Slow Drip Stock Sell-Off Is Getting Worse Than Past Flash Crashes
(Bloomberg) -- Andrew Adams lived through Brexit. He made it through the presidential election, and China’s devaluation, when violent selloffs in U.S. equities gave way to heroic recoveries. Going by the charts, he says, this episode looks the same. But going by his nerves it’s different.
“There’s less conviction that something is there to bail us out,” said Adams, a strategist for Raymond James & Associates in St. Petersburg, Florida. “This time, no one’s really expecting much out of the markets.”
While Adams is a long way from throwing in the towel, he’s not imagining things when it comes to subtle shifts in market behavior. One is the persistence of losses. As of Tuesday, stocks in the S&P 500 had dropped in 18 of the 23 days since peaking in September, roughly twice the frequency of the last three corrections.
They lurched lower again today, with the S&P 500 down 1.3 percent at 1:19 p.m. in New York. So steady has the grind been that one of the longest-term technical indicators, the 200-day moving average on the S&P 500, just fell for the first time in 2 1/2 years.
Instead of the pattern traders are used to -- one or two nerve-shattering plunges followed by a V-shaped surge -- the selling that began three weeks ago has been slower and steadier. One moderately bad day follows another, with fewer breaks. The S&P 500 has declined in 12 of the last 14 days, something that hasn’t happened since March 2009.
Nobody’s saying the market can’t bounce back -- after Tuesday’s midday rebound, many saw signs of the old pattern re-emerging -- but it’s hard to deny the ground has shifted. Gone are days when the Federal Reserve was a reliable backstop for liquidity. Instead, the central bank has raised interest rates eight times and shows little inclination to stop.
Selloffs in 2011, 2014 and 2015 all came with Fed-fomented anxiety, though back then policy makers weren’t doing much, said Bruce Bittles, chief investment strategist at RW Baird. “In the present example, rates are actually going up. That’s certainly a different environment than what we’ve experienced in the past years.”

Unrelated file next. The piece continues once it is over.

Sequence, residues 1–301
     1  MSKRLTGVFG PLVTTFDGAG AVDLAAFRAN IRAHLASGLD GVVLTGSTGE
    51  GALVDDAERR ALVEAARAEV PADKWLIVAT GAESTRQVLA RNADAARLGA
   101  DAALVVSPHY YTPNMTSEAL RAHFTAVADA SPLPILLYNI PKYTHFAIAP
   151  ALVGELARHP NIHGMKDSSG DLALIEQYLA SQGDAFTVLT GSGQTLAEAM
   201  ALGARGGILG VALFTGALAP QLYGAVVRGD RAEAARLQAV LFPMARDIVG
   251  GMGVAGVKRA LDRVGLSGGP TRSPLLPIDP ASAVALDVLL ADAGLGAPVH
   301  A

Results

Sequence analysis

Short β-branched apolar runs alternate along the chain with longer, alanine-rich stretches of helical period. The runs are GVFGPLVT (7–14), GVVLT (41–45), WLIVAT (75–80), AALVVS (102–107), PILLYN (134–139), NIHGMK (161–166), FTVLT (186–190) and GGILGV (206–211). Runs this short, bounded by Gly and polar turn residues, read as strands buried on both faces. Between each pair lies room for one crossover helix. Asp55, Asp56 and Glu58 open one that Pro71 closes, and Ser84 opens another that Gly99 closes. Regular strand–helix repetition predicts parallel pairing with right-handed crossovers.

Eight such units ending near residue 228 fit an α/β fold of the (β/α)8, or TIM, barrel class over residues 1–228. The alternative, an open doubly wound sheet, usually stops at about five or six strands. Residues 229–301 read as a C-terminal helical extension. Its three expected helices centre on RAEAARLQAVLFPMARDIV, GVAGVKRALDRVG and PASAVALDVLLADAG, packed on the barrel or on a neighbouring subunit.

Higher yields, concern over slowing growth and signs of inflation have combined to send the S&P 500 down 6.5 percent from a record high in September. That’s rough, but not as bad as earlier downdrafts. In February, a blow-up in volatility sent stocks into the fastest correction since the 1950s. In January 2016, the S&P 500 lost 11 percent in 15 trading sessions. It swooned 11 percent in six sessions after China devalued the yuan in 2015.
Which isn’t to say the latest episode has been easy. The 14-day relative strength index recently fell to 17.7, an extremely oversold reading that has only been seen one other time since 2012.
To Michael O’Rourke, JonesTrading’s chief market strategist, these travails seem more significant than past ones because the length of the decline suggests nothing is emerging to arrest it.
“What’s the positive catalyst for the future to take this market higher to the next level? Right now, there isn’t one,” he said by phone. “People are concerned about earnings, that was the one thing holding this tape up.”
Profit growth has repeatedly come to the market’s rescue in past quarters and indeed may do so again. Estimated at around 21 percent, income growth for S&P 500 companies is poised to be among the highest of the bull market.
Whether this will be enough to lift the markets from the worst start to October in a decade is anyone’s guess.
“Investors have more things to worry about now than they’ve had in the past -- issues that have built up over the year,” said Matt Maley, equity strategist at Miller Tabak. "The only thing we had in February is an increase in interest rates. This time, we have a jump in interest rates plus slower global growth, the trade issue tensions -- which have been rising all year. It’s staying with us for a longer period of time because there’s more than one issue involved."
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